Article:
Those glorious days are behind us. ISPs can, and often do, throttle some sites' connection speeds. They usually do this for high-bandwidth streaming sites like Netflix and Hulu, but in many places, there are no limitations behind what sites and services an ISP can limit.

A VPN connection prevents your ISP from seeing what sites you're visiting — one of the most popular uses for VPN services. This, in turn, stops them from slowing down your connection speed when you visit a site they intentionally throttle.

10. Maintaining privacy while traveling

Some places have more secure access to the internet than others. However, when you travel abroad, you often can't get picky. If you're traveling through parts unknown, sometimes the only way to get an internet connection is from a rundown cafe or a 5G signal from a service you've never heard of.

You have no idea how secure these connections are. However, you do know how secure your VPN connection is. Even if someone is skimming every last byte of data from your online activity, a secure connection to a VPN will keep you safe.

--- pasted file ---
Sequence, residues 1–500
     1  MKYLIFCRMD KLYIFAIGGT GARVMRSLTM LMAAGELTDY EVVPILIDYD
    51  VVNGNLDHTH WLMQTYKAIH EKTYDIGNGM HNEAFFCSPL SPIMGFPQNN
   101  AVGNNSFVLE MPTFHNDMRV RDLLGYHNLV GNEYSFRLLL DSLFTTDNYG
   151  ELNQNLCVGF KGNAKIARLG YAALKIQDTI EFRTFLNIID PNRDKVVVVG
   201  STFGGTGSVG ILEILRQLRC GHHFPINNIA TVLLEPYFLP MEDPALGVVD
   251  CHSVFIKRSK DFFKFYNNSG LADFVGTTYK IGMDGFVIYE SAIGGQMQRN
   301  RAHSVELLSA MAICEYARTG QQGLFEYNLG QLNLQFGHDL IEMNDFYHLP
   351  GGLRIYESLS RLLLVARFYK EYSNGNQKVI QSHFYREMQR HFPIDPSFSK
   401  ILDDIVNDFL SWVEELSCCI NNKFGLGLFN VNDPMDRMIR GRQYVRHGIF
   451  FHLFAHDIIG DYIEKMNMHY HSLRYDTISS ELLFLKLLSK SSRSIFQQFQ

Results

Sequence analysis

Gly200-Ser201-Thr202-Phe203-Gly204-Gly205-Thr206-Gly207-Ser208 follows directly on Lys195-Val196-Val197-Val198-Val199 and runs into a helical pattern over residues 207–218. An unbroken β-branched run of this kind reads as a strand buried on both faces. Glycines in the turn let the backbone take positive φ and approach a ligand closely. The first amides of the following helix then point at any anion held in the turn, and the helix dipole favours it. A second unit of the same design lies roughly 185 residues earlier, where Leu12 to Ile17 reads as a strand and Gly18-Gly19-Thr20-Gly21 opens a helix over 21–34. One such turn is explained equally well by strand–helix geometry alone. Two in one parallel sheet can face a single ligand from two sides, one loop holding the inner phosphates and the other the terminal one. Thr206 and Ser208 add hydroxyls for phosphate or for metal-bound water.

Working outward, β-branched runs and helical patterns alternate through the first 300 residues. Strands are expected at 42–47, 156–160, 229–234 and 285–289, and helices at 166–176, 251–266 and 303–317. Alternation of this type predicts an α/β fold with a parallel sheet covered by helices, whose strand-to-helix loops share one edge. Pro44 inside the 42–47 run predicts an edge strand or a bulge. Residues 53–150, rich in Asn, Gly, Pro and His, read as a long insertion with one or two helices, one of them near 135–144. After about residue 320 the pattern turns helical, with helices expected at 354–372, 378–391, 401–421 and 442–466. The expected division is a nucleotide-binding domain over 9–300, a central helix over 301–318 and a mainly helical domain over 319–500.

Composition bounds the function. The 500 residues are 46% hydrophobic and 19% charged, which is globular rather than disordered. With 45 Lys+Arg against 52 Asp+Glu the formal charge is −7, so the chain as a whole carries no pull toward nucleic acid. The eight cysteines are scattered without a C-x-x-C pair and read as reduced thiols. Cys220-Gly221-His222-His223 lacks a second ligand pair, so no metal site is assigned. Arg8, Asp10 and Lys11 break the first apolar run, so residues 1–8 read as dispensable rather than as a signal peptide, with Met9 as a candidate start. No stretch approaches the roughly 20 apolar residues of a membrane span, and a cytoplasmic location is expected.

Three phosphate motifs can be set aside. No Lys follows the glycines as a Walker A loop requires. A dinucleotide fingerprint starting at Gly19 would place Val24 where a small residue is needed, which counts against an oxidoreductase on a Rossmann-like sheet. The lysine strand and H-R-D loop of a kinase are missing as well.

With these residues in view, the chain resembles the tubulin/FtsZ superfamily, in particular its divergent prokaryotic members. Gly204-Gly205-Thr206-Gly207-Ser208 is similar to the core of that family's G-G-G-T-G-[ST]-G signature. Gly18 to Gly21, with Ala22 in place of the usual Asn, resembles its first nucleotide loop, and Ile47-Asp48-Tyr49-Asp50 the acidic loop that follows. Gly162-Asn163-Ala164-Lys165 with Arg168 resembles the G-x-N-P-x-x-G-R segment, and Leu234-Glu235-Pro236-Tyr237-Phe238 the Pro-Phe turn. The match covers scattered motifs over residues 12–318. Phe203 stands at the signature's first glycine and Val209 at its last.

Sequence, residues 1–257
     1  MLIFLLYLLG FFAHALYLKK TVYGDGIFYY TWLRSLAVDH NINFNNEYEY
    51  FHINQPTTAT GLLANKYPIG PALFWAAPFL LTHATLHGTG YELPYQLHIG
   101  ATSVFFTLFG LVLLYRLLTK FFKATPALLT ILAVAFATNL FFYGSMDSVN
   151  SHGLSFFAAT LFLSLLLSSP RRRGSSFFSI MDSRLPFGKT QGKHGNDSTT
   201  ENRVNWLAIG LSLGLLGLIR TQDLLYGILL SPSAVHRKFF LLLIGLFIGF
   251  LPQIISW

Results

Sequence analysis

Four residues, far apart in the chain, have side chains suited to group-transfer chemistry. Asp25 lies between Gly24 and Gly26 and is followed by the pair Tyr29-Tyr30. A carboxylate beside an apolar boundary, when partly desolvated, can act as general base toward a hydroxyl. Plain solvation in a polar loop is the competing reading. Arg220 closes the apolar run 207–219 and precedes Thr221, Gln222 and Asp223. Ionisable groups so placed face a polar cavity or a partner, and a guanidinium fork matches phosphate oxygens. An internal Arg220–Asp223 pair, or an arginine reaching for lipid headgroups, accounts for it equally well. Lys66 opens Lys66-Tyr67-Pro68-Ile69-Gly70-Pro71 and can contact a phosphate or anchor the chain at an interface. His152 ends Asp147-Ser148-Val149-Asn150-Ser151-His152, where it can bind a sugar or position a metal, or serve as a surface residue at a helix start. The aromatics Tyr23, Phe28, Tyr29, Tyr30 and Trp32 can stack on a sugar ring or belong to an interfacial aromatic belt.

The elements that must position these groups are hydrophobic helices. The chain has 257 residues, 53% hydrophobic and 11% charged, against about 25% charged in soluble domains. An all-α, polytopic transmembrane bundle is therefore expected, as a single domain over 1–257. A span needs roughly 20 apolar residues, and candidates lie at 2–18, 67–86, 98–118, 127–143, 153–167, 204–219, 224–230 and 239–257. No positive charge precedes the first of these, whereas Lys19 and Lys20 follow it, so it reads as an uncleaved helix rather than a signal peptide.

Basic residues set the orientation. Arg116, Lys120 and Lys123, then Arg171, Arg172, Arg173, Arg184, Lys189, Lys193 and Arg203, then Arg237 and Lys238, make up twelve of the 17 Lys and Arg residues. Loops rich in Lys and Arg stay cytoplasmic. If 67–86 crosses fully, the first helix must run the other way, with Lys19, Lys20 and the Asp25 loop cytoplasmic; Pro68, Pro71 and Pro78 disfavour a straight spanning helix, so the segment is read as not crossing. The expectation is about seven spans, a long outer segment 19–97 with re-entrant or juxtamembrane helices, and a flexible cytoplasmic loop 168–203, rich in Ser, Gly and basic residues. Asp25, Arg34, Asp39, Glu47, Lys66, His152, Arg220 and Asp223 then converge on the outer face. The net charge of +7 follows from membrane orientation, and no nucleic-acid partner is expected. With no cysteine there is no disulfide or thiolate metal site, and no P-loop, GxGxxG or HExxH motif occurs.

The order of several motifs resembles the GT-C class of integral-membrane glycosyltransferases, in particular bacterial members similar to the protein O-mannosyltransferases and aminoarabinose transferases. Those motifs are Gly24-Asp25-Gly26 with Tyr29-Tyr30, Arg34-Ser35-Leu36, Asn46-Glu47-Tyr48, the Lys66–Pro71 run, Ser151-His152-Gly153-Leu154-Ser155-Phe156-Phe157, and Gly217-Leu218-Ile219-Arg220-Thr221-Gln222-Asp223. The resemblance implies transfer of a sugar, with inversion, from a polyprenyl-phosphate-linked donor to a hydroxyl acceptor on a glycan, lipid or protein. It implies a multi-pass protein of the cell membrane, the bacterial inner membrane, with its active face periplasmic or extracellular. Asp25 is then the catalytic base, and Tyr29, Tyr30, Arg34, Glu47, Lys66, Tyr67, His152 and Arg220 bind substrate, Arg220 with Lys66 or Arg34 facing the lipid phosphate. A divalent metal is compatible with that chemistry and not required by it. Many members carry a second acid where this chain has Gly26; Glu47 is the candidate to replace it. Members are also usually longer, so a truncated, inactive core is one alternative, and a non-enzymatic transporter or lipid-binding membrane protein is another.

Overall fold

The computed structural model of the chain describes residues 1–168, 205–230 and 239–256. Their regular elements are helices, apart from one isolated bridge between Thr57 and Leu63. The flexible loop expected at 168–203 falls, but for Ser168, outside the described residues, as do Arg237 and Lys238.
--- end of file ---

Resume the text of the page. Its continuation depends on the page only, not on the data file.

11. Protection against tracking cookies

Most VPNs don't stop a site from using tracking cookies, but there are exceptions. Some VPN services, such as CyberGhost, have features that block all attempts to track you and store your behavior online.

Even if you don't have a cookie-blocking VPN, there still are some reasons to use a VPN as a cookie-thwarting tool. If you're connected to a remote server, the offending site will assume your virtual location is your real location and that your VPN's IP is your real IP. If you clear your cookies regularly, then it'll be like you never visited the site at all.

12. Preserving your online freedom

If you're still asking, "Why do people use VPNs?" this is what it boils down to.

Online, there are those who would censor you, spy on you, track you and rob you. There are services that want to restrict your traffic and moderators who are salty about what you said on their forum. By masking your location, encrypting your data and hiding your IP, VPNs can raise an extra wall of defense against all of that.

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How do you use a VPN?

If you have decided to install a VPN on your iPhone, iPad, Android device or PC, you need to know how to use it. There are three common ways to use a VPN, both of which are fairly easy to follow.